New agency set to probe deaths in custody

A new body, the Prisons and Probation Ombudsman (PPO), has been created to investigate all future deaths in prisons, probation hostels and immigration detention accommodation, it has been announced today.

Deaths in prison custody are currently subject to a police investigation and a coroner's inquest before a jury. In cases of self-inflicted deaths in custody, the Prison Service also carries out an internal investigation normally led by a senior governor from another establishment.

The PPO has arisen out of a need for "better quality investigations" which are consistent and which are more likely to capture learning and embed good practice, the Home Office said. The new body officially begins its new work on April 1.

The PPO's office is not yet on a statutory footing and, until the proper legislation gets drawn up and passed, the PPO will not have statutory powers to compel co-operation with investigations. Prison Service staff are, however expected to co-operate in accordance with the terms and conditions of their employment. The Coroner will remain able to compel attendance at the inquest.

Prisons Minister Paul Goggins said: "All deaths in custody are of grave concern to me. The Prison and Probation Services deal with some of the most vulnerable people in society. It is essential that in an investigation of this nature, our procedures are beyond reproach, and I believe that transferring this remit to the Ombudsman will increase public confidence through independent scrutiny of the events leading to a death in custody."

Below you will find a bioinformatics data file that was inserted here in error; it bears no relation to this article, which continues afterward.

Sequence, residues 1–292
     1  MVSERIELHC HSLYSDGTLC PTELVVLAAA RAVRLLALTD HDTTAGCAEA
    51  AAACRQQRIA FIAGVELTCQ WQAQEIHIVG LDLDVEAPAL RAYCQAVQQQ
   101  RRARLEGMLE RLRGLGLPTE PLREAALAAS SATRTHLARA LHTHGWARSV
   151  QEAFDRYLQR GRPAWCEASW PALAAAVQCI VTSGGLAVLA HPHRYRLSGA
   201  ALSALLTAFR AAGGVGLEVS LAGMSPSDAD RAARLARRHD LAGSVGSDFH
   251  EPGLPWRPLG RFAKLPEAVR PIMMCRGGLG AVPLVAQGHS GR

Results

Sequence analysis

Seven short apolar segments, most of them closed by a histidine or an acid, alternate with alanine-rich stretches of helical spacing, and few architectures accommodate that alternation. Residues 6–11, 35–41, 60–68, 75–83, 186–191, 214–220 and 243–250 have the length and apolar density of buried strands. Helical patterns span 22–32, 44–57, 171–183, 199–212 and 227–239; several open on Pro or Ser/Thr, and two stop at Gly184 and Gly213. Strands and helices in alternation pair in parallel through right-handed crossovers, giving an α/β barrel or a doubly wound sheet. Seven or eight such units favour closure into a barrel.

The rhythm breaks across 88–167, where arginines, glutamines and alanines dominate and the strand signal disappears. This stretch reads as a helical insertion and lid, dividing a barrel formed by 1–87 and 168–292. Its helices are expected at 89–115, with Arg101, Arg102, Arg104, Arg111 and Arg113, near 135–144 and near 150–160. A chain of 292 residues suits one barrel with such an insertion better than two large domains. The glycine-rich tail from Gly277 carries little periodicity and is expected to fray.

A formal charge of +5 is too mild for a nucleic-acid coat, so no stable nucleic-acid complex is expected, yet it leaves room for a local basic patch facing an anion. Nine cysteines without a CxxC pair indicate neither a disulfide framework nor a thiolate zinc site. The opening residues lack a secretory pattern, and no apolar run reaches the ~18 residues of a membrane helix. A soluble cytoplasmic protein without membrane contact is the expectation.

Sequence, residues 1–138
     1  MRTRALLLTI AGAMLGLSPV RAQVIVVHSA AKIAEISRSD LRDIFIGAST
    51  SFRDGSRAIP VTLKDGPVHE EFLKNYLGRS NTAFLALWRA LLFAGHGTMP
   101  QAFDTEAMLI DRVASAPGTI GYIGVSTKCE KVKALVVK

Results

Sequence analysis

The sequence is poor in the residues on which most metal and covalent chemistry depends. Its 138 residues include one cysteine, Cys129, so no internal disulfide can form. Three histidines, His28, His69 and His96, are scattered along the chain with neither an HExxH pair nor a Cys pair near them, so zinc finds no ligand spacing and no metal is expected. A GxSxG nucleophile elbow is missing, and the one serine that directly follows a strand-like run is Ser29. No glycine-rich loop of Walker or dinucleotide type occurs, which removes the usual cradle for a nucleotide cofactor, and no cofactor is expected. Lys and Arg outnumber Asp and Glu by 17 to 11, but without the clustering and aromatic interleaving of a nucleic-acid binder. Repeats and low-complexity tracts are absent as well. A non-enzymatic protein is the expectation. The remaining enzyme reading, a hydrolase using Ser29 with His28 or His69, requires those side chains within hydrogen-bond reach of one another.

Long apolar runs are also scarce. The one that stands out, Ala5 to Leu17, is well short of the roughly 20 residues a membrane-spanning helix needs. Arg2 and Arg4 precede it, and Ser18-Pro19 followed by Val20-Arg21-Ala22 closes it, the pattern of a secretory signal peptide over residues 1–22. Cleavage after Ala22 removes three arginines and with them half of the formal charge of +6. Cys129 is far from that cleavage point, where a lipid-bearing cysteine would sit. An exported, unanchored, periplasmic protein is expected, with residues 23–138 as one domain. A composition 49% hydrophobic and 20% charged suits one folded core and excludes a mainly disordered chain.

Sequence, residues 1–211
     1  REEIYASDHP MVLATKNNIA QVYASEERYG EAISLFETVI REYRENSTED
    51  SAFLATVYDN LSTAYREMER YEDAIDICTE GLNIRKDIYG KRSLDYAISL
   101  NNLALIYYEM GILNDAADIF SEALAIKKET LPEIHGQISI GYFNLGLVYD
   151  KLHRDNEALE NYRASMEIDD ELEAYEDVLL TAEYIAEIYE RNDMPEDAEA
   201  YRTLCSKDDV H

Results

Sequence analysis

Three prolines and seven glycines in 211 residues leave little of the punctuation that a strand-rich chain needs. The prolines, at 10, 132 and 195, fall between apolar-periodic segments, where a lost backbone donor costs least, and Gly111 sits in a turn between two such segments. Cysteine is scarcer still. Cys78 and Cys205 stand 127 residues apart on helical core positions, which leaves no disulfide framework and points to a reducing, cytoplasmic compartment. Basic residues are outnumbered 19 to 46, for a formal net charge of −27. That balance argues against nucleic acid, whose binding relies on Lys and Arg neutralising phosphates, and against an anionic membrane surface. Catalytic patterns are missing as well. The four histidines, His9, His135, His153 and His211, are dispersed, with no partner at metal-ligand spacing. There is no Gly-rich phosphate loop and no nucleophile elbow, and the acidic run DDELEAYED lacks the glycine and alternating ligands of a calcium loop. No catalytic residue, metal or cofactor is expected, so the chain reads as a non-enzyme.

Welcoming the announcement of his office's extended role, Stephen Shaw, Prisons and Probation Ombudsman, said: "In taking on the daunting responsibility of investigating deaths in custody, I have three main aims. First, to enhance public confidence when someone has died while in the hands of the state. Second, to involve and to provide answers for bereaved relatives. Third, to contribute to the efforts of the Prison Service and others to reduce the numbers of self-inflicted and other avoidable deaths."

The PPO will be given "substantial funding" to recruit a substantial number of additional investigating staff for this work, drawing on his own office, the Home Office and other government departments, other ombudsman offices and external competition.


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